As some may or may not know (depending on if you’ve spoken to me for at least .2 seconds), I had the great opportunity of being a Returning Residence Life Don with Housing Services at Trent University this year. This commitment has taken a huge place in my heart that I wouldn’t change for the world. Being able to see growth in young adults as they enter university, make mistakes, and gradually find themselves as the year goes by, is a blessing. Being in a leadership role like this is challenging at times when you have a paper due that night, and students’ can’t seem to chill long enough that the Don on Duty phone isn’t blowing up with calls (I say this lovingly). Donning has it’s ups and downs, but the relationships that you build with fellow student staff within the Housing department lasts a lifetime. I have found some of my closest friends through this role and expanded personal learning about life itself. As gruelling as the 2 weeks of training feels at the beginning while everyone gets to enjoy the last few weeks of summer, we get to gear up for a school year with surprises at every twist and turn of the way. We get to work with amazing professional staff that support us wholeheartedly both professionally and emotionally, concoct kooky shenanigans to keep us awake during long training days, live demoing the legendary double dream hands and much more. We gain an additional family away from home who help shape us into adults who go on the tackle the world.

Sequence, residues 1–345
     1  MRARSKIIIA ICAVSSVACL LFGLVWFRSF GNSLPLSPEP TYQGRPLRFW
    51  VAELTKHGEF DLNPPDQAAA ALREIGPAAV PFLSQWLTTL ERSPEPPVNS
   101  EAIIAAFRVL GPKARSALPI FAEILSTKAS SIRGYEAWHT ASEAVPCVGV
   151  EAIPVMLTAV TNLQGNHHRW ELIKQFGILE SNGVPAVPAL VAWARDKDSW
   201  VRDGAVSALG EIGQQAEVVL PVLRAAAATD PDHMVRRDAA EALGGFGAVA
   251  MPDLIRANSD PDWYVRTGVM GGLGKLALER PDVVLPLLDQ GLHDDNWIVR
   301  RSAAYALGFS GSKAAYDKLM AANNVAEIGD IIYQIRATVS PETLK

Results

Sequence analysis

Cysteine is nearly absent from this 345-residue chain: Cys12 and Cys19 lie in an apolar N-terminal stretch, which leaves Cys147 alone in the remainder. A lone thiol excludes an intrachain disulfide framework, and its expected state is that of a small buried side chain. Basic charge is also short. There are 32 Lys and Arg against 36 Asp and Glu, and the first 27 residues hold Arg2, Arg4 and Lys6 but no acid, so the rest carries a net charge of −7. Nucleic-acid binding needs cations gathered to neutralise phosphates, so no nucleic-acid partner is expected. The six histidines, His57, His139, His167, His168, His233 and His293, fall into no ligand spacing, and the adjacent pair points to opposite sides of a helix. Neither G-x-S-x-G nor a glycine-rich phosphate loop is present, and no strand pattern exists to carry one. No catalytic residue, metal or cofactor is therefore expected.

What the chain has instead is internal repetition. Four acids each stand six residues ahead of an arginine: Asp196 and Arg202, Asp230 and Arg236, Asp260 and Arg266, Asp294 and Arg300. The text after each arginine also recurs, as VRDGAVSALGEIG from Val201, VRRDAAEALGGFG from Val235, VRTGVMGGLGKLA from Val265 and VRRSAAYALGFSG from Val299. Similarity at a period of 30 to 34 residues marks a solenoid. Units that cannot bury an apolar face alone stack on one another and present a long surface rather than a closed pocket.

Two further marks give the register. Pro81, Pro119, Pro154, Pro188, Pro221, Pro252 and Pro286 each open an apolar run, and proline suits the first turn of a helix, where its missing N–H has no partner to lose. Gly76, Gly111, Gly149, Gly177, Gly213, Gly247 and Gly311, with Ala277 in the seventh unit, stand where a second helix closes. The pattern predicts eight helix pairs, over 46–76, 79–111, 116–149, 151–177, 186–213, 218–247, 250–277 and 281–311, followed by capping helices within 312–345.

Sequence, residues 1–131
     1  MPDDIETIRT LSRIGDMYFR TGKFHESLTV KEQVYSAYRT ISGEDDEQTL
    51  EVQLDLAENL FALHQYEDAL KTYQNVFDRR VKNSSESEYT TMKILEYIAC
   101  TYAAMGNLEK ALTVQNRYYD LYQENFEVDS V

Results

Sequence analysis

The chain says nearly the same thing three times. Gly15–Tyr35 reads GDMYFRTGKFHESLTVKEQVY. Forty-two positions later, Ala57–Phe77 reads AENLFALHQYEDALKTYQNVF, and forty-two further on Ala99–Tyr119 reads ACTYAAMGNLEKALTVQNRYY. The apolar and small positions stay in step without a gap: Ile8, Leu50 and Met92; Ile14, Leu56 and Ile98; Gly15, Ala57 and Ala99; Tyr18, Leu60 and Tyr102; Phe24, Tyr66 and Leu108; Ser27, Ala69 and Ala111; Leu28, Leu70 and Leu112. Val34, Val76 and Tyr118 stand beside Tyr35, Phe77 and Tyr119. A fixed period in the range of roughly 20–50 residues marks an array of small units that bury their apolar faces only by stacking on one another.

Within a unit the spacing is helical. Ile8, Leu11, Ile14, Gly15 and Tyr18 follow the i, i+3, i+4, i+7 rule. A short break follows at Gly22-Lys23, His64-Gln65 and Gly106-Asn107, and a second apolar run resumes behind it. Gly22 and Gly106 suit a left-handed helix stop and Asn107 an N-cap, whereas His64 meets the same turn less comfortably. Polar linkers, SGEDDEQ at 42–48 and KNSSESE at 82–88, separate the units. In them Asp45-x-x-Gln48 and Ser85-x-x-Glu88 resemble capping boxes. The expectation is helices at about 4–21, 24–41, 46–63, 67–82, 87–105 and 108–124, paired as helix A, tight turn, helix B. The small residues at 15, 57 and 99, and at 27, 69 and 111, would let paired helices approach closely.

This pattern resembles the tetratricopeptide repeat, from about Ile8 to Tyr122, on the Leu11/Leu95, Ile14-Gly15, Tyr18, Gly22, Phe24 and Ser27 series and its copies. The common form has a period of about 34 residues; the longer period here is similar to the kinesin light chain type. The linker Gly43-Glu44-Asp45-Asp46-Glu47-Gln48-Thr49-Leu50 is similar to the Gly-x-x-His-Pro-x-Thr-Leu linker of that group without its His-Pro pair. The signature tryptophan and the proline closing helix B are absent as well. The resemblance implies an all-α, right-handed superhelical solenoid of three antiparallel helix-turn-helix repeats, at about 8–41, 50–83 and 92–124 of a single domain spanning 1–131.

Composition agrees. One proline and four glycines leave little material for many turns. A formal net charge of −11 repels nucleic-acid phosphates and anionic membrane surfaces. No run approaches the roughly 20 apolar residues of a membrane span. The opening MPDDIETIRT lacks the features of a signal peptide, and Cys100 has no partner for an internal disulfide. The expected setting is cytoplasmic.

Now to add the icing to the cake, on top of nursing and donning, I had the pleasure of participating in a variety of additional leadership roles during the year. This year, I worked as the youngest Editor-in-Chief at Trent Annual. Only in my 3rd year, I oversaw the beautiful production of the Trent Annual yearbook (which I am excited for y’all to see eventually). With a tight-knit team of extremely passionate and heart working designers and photographers, we put our blood, sweat, finger cramping, and tears into curating a book that will serve as a stamp in time to commemorate the 2019-2020 school year. This role was a complete shift from my previous one as Director of Design which I held for the past 2 years and boy did I get to experience e v e r y t h i n g (maybe one day in the near future I'll spill the then-outdated tea). Despite the challenges unique to this year, it was a refreshing change of pace that uncovered my passion for creative managerial capacities; which I hope to pursue at some point in my career.